An acoustic liner of the Helmholtz resonator type has narrow frequency band of sound absorption. Introducing a bias flow to the aperture of resonator's perforated plate is known to improve the sound absorption in broad band frequency range. In this study, influence of the shape of apertures are experimentally investigated by using an acoustic tube. In the figure, the acoutic tube for two microphone method (ISO10534-2) is shown and a sub-figure illustrates vortex shedding from a aperture in the presence of a bias flow.
Numerical Investigation on Acoustic Liners

The mechanisms of sound absorption in an acoustic liner of perforated plate type are not well known when there exists a grazing flow or a bias flow. In this study, the effects of grazing flow and/or bias flow is investigated by using a large eddy simulation for computational aeroacoustics. The figure shows a vortex contour around a acoustic liner of the perforated plate type in the presence of a grazing flow.
Numerical Prediction of Jet Noises

The compressible NS equations are solved by the compact finite difference schemes for several kinds of nozzle shapes, to study the mechanisms of jet noise generation and to find effective ways of suppressing the jet noise. The farfield acoustics are estimated by the Ffowcs Williams-Hawkings method. In the figure, instantaneous flowfields are visualized as iso-surfaces of the second-invariant of velocity gradient tensor (gray scale) and dilatation field contours (multi-colors).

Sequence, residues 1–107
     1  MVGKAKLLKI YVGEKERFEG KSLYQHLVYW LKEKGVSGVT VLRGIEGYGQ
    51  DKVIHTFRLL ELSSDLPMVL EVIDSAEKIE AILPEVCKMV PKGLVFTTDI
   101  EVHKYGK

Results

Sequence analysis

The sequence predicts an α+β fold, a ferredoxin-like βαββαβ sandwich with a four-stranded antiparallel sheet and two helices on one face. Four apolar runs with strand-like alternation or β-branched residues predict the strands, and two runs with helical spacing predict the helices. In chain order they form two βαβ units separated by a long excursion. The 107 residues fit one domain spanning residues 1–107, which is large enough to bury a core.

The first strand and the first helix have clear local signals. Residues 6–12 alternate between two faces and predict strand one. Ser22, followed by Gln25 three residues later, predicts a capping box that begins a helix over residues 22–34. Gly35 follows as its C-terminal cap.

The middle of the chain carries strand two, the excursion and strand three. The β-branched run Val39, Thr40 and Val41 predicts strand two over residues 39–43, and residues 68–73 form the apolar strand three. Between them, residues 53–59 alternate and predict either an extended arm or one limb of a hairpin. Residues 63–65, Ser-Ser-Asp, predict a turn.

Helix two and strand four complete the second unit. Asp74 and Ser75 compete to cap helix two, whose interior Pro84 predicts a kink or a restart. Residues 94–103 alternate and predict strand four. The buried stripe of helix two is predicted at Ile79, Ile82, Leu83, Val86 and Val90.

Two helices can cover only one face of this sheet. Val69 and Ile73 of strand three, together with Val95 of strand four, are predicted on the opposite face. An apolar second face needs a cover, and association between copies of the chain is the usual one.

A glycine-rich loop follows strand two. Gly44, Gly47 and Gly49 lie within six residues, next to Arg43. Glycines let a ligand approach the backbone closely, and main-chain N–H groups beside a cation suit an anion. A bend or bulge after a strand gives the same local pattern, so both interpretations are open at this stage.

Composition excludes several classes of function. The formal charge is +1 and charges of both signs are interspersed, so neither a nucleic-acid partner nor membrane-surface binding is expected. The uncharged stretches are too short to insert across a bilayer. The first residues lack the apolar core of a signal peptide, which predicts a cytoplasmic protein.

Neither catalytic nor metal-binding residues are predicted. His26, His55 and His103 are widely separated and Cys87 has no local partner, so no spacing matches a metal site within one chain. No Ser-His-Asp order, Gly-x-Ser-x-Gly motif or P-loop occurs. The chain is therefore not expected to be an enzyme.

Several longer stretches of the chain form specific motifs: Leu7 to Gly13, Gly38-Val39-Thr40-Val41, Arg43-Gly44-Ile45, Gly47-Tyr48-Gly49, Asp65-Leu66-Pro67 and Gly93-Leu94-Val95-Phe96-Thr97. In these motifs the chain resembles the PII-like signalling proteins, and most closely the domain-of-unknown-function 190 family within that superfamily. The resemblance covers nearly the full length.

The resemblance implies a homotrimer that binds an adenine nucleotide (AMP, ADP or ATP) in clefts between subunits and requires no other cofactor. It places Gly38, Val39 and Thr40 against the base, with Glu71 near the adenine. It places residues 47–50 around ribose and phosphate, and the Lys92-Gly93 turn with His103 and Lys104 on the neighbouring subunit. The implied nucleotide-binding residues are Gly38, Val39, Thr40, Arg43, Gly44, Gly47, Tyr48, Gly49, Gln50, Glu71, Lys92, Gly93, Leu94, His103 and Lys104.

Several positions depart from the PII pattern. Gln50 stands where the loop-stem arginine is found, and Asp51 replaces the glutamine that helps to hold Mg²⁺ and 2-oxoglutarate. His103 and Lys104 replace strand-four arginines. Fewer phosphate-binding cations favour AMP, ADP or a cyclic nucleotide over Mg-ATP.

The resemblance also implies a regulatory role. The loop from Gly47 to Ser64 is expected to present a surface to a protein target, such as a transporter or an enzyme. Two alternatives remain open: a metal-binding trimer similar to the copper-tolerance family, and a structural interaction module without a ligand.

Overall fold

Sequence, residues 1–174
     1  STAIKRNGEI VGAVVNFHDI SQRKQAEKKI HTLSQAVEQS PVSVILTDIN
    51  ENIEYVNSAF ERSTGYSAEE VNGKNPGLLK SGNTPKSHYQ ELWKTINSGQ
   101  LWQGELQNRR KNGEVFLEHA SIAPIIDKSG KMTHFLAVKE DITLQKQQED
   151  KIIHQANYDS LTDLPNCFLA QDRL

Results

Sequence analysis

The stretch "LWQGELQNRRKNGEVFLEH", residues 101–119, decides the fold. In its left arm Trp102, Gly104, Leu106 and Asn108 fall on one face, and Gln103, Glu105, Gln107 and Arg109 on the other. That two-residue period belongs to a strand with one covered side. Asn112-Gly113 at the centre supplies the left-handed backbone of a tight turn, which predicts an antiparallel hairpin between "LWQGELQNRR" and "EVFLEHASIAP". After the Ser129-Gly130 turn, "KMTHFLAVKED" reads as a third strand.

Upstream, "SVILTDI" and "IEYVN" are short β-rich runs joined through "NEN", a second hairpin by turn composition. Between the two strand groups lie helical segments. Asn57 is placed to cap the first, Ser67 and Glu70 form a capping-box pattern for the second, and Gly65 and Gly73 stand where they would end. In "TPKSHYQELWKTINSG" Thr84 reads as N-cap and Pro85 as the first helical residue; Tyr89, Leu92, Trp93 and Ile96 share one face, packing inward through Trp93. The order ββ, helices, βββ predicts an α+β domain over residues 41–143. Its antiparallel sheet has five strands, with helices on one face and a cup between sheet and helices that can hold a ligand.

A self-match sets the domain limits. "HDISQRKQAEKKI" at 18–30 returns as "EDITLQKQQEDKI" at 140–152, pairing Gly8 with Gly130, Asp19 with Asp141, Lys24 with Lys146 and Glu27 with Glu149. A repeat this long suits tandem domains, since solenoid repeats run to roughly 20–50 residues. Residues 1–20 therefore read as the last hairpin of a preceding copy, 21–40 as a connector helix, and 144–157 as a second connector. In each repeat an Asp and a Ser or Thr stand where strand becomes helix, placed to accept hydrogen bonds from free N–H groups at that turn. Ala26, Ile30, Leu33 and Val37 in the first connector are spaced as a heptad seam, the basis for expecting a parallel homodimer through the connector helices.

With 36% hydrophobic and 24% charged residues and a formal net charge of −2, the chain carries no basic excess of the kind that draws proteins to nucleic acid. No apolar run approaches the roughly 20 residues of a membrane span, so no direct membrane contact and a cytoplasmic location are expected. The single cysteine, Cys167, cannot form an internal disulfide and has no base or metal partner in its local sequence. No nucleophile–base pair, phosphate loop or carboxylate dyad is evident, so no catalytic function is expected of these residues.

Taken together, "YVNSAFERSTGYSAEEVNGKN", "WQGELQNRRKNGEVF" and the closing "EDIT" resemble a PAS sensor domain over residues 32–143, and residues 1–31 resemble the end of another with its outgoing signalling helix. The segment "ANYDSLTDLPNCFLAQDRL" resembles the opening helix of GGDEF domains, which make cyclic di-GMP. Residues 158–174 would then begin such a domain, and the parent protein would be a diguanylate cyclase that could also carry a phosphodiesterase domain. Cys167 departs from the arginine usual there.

Jet Noise Suppressions Using Tab-Like Passive Control Devices

Noise spectrum and thrust are measured with various passive control devices, including tabs, chevrons, etc. The picture shows an experimental rig of a subsonic rectangular jet, with Mach number of 0.8. Three microphones are placed with the angles of 30, 60, and 90 degrees from the jet axis in the anechoic chamber.
Large Eddy Simulations of Turbulent Non-Premixed Jet Flames

Turbulent combustion fields are modeled by the laminar flamelet model. Flowfileds are solved by an incompressible LES code with a flamelet database. The figure shows instantaneous temperature field of a methane/air turbulent non-premixed flame (DLR-A flame).
Active Control of Combustion Instabilities

A model burner is used to artificially generate combustion oscillations and then the oscillations are suppressed by sound waves from a loudspeaker. The picture shows the methane-air premixed burner model, equipped with 4 quartz glasses for observation. A microphone is mounted above the quartz glass and is water-cooled.



Aerospace Propulsion Laboratory
Department of Aeronautics and Astronautics, Kyushu University
#805 West Zone Building 4, 744 Motooka, Nishi-ku, Fukuoka 819-0395, JAPAN